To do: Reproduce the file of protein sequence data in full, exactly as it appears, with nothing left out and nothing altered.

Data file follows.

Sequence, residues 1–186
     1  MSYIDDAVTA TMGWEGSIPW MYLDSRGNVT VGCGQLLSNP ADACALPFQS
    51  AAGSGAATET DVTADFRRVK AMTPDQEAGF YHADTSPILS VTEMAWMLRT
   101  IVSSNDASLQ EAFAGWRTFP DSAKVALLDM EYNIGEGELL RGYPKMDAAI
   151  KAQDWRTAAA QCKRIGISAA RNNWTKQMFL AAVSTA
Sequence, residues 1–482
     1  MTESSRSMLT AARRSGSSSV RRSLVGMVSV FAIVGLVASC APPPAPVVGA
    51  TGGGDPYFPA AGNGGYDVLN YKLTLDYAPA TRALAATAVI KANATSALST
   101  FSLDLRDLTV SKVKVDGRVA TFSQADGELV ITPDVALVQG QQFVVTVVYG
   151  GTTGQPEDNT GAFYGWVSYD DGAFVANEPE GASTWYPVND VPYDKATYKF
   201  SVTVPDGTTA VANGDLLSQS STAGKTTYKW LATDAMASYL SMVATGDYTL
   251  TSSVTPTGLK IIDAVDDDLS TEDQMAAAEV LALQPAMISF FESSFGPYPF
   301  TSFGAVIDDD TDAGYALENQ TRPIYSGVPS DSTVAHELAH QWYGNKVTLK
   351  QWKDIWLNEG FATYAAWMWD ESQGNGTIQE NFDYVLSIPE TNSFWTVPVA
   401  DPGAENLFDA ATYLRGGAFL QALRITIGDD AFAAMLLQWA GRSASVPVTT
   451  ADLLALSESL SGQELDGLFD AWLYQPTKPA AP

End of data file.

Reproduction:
Sequence, residues 1–186
     1  MSYIDDAVTA TMGWEGSIPW MYLDSRGNVT VGCGQLLSNP ADACALPFQS
    51  AAGSGAATET DVTADFRRVK AMTPDQEAGF YHADTSPILS VTEMAWMLRT
   101  IVSSNDASLQ EAFAGWRTFP DSAKVALLDM EYNIGEGELL RGYPKMDAAI
   151  KAQDWRTAAA QCKRIGISAA RNNWTKQMFL AAVSTA
Sequence, residues 1–482
     1  MTESSRSMLT AARRSGSSSV RRSLVGMVSV FAIVGLVASC APPPAPVVGA
    51  TGGGDPYFPA AGNGGYDVLN YKLTLDYAPA TRALAATAVI KANATSALST
   101  FSLDLRDLTV SKVKVDGRVA TFSQADGELV ITPDVALVQG QQFVVTVVYG
   151  GTTGQPEDNT GAFYGWVSYD DGAFVANEPE GASTWYPVND VPYDKATYKF
   201  SVTVPDGTTA VANGDLLSQS STAGKTTYKW LATDAMASYL SMVATGDYTL
   251  TSSVTPTGLK IIDAVDDDLS TEDQMAAAEV LALQPAMISF FESSFGPYPF
   301  TSFGAVIDDD TDAGYALENQ TRPIYSGVPS DSTVAHELAH QWYGNKVTLK
   351  QWKDIWLNEG FATYAAWMWD ESQGNGTIQE NFDYVLSIPE TNSFWTVPVA
   401  DPGAENLFDA ATYLRGGAFL QALRITIGDD AFAAMLLQWA GRSASVPVTT
   451  ADLLALSESL SGQELDGLFD AWLYQPTKPA AP